Seed & Rind
TRADUCTION EN COURS

Beauty Journal

Handpicked Nutrition : Triple Berry Fennel Jam

Although still in the middle of my summer vacation, I couldn't help but share with you a simple recipe following our family's day trip to one of Duham's town local and family run fruit farms, Au Paradis des Fruits. We couldn't have asked for a better day in the beautiful Eastern Townships for berry picking : picturesque blue skies, bright sun and rolling hills of green surrounding us ~ AND perfect alignment with keeping up with my lifestyle change goal of connecting to nature and the outdoors at least once a day!  

For a moment, while picking some raspberries, my senses zoomed in on the hundred of bees doing their pollination ''business'' among the bushes. I suddenly became very aware that these little rows of berries were not only participating in being part of our food chain, but were also playing an important role in a much greater system. I felt filled with awe and respect for this ''matrix'', deepening a little further my intuitive knowledge of nutrition. 

It's when you get immersed in the experience of selecting your food straight from the source that you realize how this precious connection to nourishment can be lost when you are mainly having to shop in stores and markets, seldom questioning the conditions, environment and energy in which these grow. Nutrition is not only about the content of micro and macro nutrients. It is about nutritional integrity. When produce is being shipped from afar, it no doubt affects this integrity as it has to go through a series of man-made processes to maintain a level of freshness and appearance that pleases the consumer's eye. I am not saying that we should all suddenly start growing our produce in our back yards (I, myself, don't even have an outdoor space) or constantly trek out of town to forage our food - however by becoming more conscious of where it comes from by questioning the employees of your local grocery store, you are able to make wiser choices for your health, creating a connection before physical digestion even begins, contributing to the survival of these fast disappearing small local farms and many more benefits in the terms of yours and your community's well-being.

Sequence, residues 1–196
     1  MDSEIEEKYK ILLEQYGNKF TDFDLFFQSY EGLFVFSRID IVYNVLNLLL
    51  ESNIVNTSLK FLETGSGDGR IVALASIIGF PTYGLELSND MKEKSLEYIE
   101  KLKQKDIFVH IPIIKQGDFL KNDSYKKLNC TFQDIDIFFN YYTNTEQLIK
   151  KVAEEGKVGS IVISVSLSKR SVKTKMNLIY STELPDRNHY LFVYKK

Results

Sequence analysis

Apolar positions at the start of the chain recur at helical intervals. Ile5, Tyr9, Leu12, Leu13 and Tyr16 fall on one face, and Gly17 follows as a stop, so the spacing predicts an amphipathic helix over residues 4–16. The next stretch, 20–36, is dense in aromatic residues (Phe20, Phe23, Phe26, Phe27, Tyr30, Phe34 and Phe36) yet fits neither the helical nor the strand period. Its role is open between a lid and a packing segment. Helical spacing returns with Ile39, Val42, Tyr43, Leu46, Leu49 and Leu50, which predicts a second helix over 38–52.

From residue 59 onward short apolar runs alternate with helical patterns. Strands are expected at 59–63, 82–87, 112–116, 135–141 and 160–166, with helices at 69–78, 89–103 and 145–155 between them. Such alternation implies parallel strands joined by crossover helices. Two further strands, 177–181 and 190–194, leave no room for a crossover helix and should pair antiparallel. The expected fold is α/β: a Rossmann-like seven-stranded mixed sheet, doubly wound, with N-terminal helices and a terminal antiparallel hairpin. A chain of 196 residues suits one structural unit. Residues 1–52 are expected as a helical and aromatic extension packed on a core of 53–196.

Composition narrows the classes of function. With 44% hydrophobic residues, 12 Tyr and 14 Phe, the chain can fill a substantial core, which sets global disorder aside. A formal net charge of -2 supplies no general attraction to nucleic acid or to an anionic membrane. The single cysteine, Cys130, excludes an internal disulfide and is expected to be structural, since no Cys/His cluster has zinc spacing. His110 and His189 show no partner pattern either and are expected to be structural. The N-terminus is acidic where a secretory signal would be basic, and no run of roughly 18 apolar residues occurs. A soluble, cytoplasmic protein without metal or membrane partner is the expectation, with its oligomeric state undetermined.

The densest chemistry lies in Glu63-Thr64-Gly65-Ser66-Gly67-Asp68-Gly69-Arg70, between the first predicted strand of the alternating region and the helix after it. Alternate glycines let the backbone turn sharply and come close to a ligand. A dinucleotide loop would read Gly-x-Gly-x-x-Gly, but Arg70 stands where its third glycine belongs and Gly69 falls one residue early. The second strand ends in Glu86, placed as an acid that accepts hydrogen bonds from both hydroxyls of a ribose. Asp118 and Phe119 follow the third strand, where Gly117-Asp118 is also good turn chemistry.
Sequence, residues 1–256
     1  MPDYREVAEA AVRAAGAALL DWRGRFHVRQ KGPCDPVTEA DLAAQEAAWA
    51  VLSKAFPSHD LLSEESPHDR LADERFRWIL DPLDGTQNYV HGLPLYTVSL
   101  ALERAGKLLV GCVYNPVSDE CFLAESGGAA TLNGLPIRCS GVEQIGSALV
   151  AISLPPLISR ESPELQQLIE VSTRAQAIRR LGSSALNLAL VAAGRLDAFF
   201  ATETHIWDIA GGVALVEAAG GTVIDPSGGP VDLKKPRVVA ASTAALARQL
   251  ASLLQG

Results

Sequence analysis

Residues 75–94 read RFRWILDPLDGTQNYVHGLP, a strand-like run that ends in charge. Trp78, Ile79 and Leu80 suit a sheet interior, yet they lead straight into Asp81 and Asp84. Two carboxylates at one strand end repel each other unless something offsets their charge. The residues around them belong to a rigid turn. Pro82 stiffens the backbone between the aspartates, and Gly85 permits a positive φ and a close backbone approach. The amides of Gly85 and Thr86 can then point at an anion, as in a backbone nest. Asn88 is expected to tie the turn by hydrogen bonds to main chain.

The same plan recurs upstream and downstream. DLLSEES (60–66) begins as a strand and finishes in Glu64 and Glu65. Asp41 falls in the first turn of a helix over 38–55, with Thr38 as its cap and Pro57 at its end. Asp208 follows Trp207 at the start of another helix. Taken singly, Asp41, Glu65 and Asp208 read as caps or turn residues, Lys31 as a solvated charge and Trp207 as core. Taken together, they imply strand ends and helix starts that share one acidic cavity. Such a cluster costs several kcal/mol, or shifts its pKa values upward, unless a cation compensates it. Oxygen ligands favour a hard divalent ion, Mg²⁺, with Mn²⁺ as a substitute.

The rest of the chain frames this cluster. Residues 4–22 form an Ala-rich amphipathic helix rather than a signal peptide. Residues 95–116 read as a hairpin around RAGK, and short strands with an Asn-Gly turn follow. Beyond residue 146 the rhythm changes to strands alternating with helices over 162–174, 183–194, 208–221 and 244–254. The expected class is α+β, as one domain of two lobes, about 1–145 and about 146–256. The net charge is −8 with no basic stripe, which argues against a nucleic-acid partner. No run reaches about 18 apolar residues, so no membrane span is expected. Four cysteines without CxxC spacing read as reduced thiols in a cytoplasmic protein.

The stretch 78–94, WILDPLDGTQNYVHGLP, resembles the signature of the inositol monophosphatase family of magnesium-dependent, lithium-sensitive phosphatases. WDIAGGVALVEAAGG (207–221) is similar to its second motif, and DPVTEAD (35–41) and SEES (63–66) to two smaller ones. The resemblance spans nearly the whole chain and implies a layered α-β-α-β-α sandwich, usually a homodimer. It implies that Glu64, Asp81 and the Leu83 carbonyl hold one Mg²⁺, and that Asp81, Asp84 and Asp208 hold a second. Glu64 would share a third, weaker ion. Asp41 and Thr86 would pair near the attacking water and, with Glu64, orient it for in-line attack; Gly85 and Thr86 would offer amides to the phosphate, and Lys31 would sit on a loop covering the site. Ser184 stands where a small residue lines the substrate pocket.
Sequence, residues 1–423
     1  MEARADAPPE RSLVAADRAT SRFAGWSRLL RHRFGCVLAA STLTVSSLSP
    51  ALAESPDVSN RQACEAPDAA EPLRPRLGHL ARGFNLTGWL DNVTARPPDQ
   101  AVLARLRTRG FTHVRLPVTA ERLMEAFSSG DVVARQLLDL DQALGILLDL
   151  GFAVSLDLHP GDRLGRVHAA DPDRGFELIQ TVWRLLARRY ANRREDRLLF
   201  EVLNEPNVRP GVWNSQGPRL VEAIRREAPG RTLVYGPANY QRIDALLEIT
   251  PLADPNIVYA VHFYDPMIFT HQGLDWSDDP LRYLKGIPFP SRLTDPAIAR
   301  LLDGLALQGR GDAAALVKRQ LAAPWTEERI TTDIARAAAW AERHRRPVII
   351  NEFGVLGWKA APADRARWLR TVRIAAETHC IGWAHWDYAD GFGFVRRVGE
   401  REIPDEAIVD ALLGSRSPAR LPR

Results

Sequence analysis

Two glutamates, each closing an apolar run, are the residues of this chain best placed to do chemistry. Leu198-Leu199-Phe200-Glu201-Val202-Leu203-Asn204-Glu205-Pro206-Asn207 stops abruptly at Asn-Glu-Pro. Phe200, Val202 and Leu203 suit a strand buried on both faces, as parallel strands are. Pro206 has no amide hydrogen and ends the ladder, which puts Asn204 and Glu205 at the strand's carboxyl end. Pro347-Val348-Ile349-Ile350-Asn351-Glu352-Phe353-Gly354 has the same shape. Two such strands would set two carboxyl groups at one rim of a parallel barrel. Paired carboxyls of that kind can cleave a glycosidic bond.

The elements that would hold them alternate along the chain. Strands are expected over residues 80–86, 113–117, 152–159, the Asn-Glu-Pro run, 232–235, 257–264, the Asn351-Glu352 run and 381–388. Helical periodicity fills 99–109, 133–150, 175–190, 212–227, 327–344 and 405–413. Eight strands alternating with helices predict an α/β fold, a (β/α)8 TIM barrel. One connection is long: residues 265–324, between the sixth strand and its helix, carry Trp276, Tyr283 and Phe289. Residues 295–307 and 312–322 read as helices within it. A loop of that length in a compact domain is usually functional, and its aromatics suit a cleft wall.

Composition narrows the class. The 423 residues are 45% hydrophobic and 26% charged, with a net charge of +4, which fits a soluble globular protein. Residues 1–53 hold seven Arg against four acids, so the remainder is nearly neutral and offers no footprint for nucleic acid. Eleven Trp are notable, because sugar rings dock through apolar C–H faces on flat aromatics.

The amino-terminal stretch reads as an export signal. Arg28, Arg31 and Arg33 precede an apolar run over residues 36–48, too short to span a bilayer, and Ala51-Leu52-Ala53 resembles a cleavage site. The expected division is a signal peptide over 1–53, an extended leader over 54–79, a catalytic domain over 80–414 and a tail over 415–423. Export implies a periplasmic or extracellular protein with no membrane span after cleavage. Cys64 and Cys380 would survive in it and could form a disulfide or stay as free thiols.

I can go on forever on this fascinating subject, but the sun is calling out to me and I want to take advantage of every moment of this vacation while I still can! I'll share with you the first recipe I decided to make with the abundance of berries I brought back home : a simple jam using my lovingly selected raspberries, blueberries and currents. Packed with antioxidants, vitamins, phytochemicals, fiber as well as enhanced digestibility with the fennel seeds, you can enjoy a small dose of this tasty condiment daily! 

Triple Berry Fennel Jam


Cook time: 30-40 minutes
Yields: 1 1/2 cups
Kitchen equipment: mortar & pestle or coffee grinder, masher, glass jar
Rasa (taste) : SweetSour, pungent (fennel)
Dosha: V: Best P: Good K: Good
 

Ingredients:

  • 4 cups mixed fresh berries* 
    (*I used 1 1/2 cups raspberries, 1 1/2 cup blueberries and 1 cup mixed currents)
  • 1/2 cup coconut sugar (or maple syrup)
  • 1/4 tsp pink himalayan salt
  • 1 Tbs crushed fennel seeds
  • 1 Tbs lemon juice
  • 1/2 of an apple, cored and unseeded (for natural pectin)

Method:

1~ Place boiling water in a large bowl and let the glass container you will be using for the jam sit for 15 minutes in order to avoid bacterial contamination. Rinse your berries before use as well with gently running water. 

2~ Use a coffee grinder or pestle and mortar to crush fennel until you a obtain the consistency of a grainy powder. 

3~ In a large pot, add berries, salt, sugar, crushed fennel seeds and apple piece and mix well. Bring to a boil and then bring down to medium heat. Let simmer for 15 minutes. 

4~ Use a potato masher to smash the berry mixture until you get your desired consistency, leaving the apple piece of apple untouched. 

5~ Reduce heat to medium-low heat and let simmer for an additional 15-20 minutes. 

6~ Remove from heat and let cool 10-15 minutes. (The jam may seem too juicy at first but rest assured that it will thicken as it cools!) 

7~ Remove apple piece and pour jam into your clean glass container. Let completely cool before closing the lid. If, like in my case, you are making this jam in the evening, you can seal the top of the container with cheesecloth and an elastic band and let cool overnight.

The jam will keep for about 2 weeks in the refrigerator, 6 months in the freezer and 12 months if using standard canning process. 

Enjoy :)

 

 Raspberry bushes @ Au Paradis des Fruits farm, Dunham, Qc

Raspberry bushes @ Au Paradis des Fruits farm, Dunham, Qc